Go Tell It: How--and Why--to Report God's Stories in Words, Photos, and Videos

Go Tell It: How--and Why--to Report God's Stories in Words, Photos, and Videos

by Jim Killam, Lincoln Brunner

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Product Details

ISBN-13: 9780802411488
Publisher: Moody Publishers
Publication date: 05/01/2014
Edition description: New Edition
Pages: 176
Product dimensions: 7.80(w) x 5.20(h) x 0.50(d)

About the Author

JIM KILLAM has been a journalist for more than 30 years — including stints as a newspaper reporter and editor, a college media adviser, and a missionary journalist. Currently he is Story Director for the Seed Company, a Wycliffe affiliate. Jim and his wife, Lauren, live in Texas, though their Midwestern accents give them away quickly. They have three grown children and two grandchildren. Go Tell It is Jim's third book, and has led to training opportunities on three continents.

LINCOLN BRUNNER has been a journalist for 22 years. After cutting his teeth as a sportswriter and general assignment reporter in central Wisconsin in the early 90s, he went on to edit a small daily paper in Illinois. He then served as an editor for several trade magazines. In 2004, he felt a strong call to do full-time reporting about Christian missions work and went on to report on missionaries around the world for two different missions organizations. These days, he works as managing editor for a Bible translation organization. Lincoln and his wonderful wife, Ann, have three daughters and live in Texas.

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How and Why to Report God's Stories in Words, Photos, and Videos


Moody Publishers

Copyright © 2014 Jim Killam and Lincoln Brunner
All rights reserved.
ISBN: 978-0-8024-1148-8



If you were Luke, traveling companion of the apostle Paul, and you wanted to set about writing the story of Jesus Christ, where would you start?

You never actually met Jesus face-to-face, so you're going to have to construct the story secondhand. Divine inspiration will play a huge role, but you probably don't know that yet. Many accounts of Jesus' life—some credible, others not so much—were circulating during the first century. So your first task would be to read as many of those accounts as you could, and start formulating questions.

Then you'd put together a list of people you needed to talk to—people who were there, who knew Jesus at various times in his life. Credible sources. You'd interview those people at length, asking them who, what, when, where, why, and how. You'd take careful notes, because the tape recorder will not be invented for another 1,900 years. Then you'd compile those notes into your story—choosing what to include and what to leave out, based on whether it contributed to the overall point of the story.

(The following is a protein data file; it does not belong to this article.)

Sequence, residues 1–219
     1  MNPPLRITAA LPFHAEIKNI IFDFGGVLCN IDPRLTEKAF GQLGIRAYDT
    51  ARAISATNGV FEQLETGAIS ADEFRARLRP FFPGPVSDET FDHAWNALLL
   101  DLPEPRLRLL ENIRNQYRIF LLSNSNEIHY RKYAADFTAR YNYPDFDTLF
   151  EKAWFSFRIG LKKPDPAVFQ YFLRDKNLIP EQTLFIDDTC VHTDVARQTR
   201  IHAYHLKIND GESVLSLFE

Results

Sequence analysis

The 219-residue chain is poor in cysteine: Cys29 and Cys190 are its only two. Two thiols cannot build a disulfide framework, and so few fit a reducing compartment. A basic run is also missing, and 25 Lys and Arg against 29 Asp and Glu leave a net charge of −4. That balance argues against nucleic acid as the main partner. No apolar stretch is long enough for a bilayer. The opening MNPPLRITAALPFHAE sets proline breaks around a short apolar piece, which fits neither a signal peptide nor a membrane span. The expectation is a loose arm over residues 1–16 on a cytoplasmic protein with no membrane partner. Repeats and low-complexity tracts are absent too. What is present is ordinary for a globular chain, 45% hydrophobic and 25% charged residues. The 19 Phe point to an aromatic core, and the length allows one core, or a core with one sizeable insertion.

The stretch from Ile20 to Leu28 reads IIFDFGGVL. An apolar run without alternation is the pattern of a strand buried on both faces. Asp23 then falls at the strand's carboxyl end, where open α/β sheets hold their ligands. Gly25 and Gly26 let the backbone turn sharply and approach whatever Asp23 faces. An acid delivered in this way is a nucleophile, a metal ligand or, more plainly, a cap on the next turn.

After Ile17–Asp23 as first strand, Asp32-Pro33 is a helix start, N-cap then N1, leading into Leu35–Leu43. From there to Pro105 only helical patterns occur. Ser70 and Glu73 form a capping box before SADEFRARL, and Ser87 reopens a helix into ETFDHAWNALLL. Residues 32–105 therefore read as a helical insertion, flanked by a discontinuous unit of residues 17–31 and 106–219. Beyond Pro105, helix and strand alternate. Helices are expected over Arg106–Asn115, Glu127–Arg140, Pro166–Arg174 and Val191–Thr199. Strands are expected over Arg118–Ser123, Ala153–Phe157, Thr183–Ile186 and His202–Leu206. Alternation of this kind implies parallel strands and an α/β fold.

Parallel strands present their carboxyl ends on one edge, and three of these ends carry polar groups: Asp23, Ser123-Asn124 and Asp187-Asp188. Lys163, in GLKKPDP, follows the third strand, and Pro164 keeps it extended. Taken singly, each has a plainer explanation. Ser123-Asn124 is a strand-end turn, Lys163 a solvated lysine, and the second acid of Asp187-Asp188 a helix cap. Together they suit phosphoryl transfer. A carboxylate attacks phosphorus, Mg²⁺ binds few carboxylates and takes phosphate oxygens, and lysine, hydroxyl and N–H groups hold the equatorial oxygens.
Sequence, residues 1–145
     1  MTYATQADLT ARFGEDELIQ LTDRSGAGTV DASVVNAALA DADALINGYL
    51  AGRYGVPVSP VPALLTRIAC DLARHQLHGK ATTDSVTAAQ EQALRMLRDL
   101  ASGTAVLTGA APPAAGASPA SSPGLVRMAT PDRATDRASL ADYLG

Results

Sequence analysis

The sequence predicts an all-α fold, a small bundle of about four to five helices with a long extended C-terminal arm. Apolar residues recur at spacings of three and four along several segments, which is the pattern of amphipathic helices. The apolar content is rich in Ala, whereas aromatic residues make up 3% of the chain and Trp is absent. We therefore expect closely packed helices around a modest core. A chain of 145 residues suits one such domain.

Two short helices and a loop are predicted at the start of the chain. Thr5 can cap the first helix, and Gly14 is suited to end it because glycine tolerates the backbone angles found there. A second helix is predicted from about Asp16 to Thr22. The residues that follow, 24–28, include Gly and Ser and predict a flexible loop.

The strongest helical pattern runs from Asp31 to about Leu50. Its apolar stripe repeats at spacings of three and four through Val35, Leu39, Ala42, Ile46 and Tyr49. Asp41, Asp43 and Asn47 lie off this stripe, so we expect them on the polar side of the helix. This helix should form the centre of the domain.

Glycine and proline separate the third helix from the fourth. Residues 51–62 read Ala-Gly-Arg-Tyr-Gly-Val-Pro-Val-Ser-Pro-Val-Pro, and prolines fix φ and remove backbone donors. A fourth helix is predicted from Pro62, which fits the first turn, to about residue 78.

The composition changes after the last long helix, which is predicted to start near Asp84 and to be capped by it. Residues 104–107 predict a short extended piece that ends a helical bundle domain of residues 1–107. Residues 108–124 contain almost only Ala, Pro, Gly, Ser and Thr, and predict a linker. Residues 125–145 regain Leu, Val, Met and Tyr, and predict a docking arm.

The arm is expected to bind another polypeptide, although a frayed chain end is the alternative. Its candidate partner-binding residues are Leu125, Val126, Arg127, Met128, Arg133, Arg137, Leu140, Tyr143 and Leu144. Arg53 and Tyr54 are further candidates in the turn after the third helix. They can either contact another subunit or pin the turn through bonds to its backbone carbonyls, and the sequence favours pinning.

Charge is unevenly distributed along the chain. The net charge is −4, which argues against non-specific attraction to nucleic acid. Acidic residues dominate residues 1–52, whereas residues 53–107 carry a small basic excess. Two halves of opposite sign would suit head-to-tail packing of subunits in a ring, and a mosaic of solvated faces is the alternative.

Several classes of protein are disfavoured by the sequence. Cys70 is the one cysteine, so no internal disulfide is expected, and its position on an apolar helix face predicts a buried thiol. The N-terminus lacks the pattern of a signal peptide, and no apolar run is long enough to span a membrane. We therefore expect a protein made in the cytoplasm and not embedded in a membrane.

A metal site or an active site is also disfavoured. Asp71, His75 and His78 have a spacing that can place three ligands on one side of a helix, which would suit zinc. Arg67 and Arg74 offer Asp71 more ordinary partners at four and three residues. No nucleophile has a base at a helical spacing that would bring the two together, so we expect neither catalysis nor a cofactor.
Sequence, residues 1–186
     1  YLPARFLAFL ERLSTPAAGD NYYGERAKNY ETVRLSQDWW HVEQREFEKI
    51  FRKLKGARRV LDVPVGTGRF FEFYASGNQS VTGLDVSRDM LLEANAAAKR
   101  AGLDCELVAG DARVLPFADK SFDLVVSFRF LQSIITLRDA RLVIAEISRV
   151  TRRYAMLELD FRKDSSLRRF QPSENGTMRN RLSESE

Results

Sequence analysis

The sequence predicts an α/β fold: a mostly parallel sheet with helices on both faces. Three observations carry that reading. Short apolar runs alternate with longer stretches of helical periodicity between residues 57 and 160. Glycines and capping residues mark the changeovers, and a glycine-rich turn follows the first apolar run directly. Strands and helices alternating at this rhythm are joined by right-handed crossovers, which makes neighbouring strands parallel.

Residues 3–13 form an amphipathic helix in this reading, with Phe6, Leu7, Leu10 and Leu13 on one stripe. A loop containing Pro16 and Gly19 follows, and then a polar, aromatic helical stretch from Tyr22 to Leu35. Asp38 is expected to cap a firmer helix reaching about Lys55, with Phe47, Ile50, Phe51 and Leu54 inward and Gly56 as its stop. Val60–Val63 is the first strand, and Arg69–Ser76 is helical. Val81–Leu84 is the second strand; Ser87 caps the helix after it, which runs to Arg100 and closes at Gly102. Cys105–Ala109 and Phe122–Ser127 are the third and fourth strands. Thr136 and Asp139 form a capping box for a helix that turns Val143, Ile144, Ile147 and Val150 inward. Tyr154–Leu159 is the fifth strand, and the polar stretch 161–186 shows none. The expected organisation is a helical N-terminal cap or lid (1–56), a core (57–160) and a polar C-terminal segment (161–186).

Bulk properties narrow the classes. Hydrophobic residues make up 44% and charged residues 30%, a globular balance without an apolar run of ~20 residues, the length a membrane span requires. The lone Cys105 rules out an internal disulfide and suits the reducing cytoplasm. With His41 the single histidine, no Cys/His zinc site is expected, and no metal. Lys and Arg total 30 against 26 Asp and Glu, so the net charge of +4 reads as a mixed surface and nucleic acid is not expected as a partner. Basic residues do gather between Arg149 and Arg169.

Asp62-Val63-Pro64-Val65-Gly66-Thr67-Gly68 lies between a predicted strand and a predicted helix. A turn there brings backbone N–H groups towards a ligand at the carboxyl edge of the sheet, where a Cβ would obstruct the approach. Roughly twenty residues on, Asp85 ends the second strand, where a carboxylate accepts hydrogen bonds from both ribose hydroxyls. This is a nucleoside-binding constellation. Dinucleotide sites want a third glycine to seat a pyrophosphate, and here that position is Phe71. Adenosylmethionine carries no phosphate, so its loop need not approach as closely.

Having done all that, you'd finally write a well-researched, orderly, credible account for your audience, the early church, so people could know what really happened and what it all meant.

We have just described the work of a journalist. Well, except for the part about divine inspiration. A journalist examines facts; interviews eyewitnesses; collects details; produces a story that is timely, important, and interesting; and delivers it to an audience. The purpose (beyond eking out a modest living, of course) is to authoritatively show the audience what happened, and why they should care.

Look at the first four verses of Luke's gospel. Before launching into the story of Elizabeth and Zechariah, Luke the physician introduces himself as Luke the journalist:

Many have undertaken to draw up an account of the things that have been fulfilled among us, just as they were handed down to us by those who from the first were eyewitnesses and servants of the word. With this in mind, since I myself have carefully investigated everything from the beginning, I too decided to write an orderly account for you, most excellent Theophilus, so that you may know the certainty of the things you have been taught. (Luke 1:1–4 NIV)

A sign used to hang in Chicago's famed City News Bureau: "If your mother says she loves you, check it out." It admonished reporters to verify all claims with eyewitness accounts.

Nineteen centuries ago, Luke checked it out. All of it. Interviewing key people, he carefully reconstructed the events of Jesus' life, providing the kind of vivid details that modern features editors live for: